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Admiral Beatty and Admiral Jellicoe Memorial Fountains, Trafalgar Square

Gazetteer No. G0523

Date 1939

Address London, Greater London WC2N 5BJ England


The fountains n of Nelson have quatrefoil granite basins by Barry, intended both for ornament and to hinder too large a crowd from gathering. Their centrepieces are by Lutyens, 1939. (Bradley & Pevsner, 2003, p.374)

Fountains and Terrace Walls 5.2.70 with Lampstandards, steps and stone bollards enclosing the Square G.V. II* Walls, steps and bollards enclosing the open space of the square and its 2 fountains. 1840, by Sir Charles Barry as a formal setting for Nelson’s Column, the actual fountains remodelled 1939 to the designs of Sir Edwin Lutyens with sculpture by Sir Charles Wheeler and W McMillan. Granite with bronze lampstandards and sculpture. Barry defined and levelled the oblong open space of the square with heavy granite retaining terrace-walls on 3 sides with steps and statue pedestals in the north-east and north-west corners and a “screen” of massive granite bollards across the level south side linking with the base of Nelson’s Column. Plinth base to walls and heavy, segmental roll-lipped coping; the south ends of the east and west flanks terminate in tall circular pedestals surmounted by polygonal bronze lanterns, that to east serving as a police post. Set into the north terrace wall, below the balustraded parapet, are bronze plates of the Imperial Standards of Length and against the wall busts of Admirals Jellicoe, Beatty and Cunningham by C. Wheeler and W. McMillan, 1948. The terrace walls are surmounted at intervals by bronze lampstandards with Nico lanterns, those flanking the head of the steps to the north being elaborated with the same polygonal lanterns as those on the southern terminal circular pedestals. The fountain basins, square in plan with large “apses” to each side also have deeply lipped granite retaining walls; the marble “vase” fountains by Lutyens and the bronze Mermen and Mermaid groups in the basins respectively by Wheeler and McMillan. Trafalgar Square, known as such from 1830, owes its town planning origin to an initial proposal of Nash’s in 1811-12, fully elaborated and laid out as the major executed feature of Nash’s Metropolitan – West Strand Improvements of 1824-26. (Historic England, list entry 1066235)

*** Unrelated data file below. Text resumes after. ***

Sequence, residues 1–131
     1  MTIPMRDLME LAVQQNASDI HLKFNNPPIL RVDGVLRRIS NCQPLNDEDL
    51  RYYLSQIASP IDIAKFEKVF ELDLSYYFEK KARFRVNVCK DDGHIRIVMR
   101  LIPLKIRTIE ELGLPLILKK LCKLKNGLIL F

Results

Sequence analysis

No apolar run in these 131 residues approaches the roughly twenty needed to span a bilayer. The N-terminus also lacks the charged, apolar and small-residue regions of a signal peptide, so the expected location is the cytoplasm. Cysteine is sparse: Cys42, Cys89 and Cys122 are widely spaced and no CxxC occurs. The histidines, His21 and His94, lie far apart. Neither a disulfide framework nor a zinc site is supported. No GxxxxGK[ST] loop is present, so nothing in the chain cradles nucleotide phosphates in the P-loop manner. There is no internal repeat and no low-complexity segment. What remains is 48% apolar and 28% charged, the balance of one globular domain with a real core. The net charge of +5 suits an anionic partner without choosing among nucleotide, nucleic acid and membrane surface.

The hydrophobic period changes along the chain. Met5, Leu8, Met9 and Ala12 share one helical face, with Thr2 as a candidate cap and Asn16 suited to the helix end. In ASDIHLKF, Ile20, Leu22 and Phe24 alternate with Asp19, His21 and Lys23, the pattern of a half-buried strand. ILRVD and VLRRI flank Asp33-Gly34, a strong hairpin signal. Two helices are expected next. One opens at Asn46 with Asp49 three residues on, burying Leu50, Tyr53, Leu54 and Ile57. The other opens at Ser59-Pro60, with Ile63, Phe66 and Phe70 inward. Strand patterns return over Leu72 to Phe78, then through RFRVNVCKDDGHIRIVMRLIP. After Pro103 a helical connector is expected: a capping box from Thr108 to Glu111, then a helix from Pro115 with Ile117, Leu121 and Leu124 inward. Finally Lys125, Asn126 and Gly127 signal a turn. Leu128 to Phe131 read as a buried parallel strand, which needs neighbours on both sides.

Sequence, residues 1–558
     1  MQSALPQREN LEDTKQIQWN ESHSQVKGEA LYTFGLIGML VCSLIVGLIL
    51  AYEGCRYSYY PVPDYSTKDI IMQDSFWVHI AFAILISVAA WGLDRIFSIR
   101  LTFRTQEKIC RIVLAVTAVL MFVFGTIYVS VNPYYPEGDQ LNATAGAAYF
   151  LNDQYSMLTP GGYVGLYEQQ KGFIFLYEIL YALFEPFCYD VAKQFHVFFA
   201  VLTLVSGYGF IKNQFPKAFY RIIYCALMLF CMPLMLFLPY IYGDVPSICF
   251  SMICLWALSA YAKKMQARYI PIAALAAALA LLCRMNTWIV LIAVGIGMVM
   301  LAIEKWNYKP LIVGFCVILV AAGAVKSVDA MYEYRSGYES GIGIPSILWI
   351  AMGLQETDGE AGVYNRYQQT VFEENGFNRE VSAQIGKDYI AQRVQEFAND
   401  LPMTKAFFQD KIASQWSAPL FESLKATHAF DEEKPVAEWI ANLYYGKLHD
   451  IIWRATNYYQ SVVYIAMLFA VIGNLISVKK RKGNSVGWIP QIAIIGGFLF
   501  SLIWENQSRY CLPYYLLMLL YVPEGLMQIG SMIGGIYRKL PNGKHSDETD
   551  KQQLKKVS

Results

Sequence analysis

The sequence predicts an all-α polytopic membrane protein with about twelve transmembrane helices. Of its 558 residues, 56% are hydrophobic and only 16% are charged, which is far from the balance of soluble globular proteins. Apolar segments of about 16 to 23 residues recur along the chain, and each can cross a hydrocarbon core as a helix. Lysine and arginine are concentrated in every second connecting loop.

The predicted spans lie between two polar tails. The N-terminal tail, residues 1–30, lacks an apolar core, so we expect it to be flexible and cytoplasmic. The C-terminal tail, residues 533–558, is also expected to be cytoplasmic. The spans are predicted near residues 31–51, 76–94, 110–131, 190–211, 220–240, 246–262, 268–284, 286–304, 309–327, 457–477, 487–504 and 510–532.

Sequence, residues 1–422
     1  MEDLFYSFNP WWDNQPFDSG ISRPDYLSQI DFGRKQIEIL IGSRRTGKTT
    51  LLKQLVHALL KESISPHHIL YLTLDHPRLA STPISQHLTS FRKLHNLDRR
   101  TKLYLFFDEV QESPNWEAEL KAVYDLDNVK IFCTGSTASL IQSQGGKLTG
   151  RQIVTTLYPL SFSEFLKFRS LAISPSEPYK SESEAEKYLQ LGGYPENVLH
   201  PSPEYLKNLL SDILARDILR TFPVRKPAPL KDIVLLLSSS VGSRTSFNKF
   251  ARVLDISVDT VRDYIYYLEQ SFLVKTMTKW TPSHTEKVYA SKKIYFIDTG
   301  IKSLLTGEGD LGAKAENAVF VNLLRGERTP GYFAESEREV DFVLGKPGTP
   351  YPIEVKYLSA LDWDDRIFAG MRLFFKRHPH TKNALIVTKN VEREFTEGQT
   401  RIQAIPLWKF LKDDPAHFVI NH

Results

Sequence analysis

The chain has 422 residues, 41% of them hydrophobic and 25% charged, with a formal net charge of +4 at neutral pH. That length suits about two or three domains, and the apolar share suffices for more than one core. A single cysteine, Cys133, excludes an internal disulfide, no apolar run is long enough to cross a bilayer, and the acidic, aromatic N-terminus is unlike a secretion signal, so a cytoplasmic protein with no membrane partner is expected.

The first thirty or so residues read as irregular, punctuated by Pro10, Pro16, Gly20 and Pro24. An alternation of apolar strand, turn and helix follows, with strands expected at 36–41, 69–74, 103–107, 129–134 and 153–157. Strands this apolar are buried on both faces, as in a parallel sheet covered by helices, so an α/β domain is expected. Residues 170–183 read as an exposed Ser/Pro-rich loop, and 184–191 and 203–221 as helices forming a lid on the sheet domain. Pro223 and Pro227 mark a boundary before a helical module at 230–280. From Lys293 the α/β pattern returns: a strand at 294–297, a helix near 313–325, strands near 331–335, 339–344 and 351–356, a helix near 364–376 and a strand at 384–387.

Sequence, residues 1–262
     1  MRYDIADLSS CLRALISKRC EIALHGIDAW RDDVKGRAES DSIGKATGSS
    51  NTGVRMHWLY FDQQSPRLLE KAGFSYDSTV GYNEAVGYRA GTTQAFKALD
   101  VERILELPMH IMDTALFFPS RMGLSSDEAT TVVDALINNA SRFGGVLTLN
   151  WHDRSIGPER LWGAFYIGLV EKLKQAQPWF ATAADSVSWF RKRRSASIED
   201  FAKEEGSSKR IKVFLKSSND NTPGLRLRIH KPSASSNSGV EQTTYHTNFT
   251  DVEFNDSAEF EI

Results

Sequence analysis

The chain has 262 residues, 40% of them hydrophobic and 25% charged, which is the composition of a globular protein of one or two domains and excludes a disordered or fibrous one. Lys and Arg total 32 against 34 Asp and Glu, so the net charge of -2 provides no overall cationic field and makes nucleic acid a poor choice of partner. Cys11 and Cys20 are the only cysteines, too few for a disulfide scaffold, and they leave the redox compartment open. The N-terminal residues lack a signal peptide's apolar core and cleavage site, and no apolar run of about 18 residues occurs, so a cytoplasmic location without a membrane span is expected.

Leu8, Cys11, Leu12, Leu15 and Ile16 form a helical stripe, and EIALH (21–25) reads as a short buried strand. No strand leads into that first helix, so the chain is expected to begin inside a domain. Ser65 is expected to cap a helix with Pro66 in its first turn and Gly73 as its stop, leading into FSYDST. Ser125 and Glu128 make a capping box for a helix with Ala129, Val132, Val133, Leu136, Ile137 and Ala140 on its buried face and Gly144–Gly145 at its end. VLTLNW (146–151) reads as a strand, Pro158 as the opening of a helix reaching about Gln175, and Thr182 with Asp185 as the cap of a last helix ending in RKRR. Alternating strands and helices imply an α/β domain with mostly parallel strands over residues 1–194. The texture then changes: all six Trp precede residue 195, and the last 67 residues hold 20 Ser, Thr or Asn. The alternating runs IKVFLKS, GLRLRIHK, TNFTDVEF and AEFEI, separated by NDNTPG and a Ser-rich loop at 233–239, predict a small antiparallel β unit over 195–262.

Bradley S & Pevsner N (2003) LONDON 6: WESTMINSTER. The Buildings of England. New Haven: Yale University Press.


Also Cited In

Butler, A., 1950. The architecture of Sir Edwin Lutyens: the Lutyens memorial series. Vol III: Town and Public Buildings: Memorials: The Metropolitan Cathedral, Liverpool, Country Life: London and Scibners: New York.

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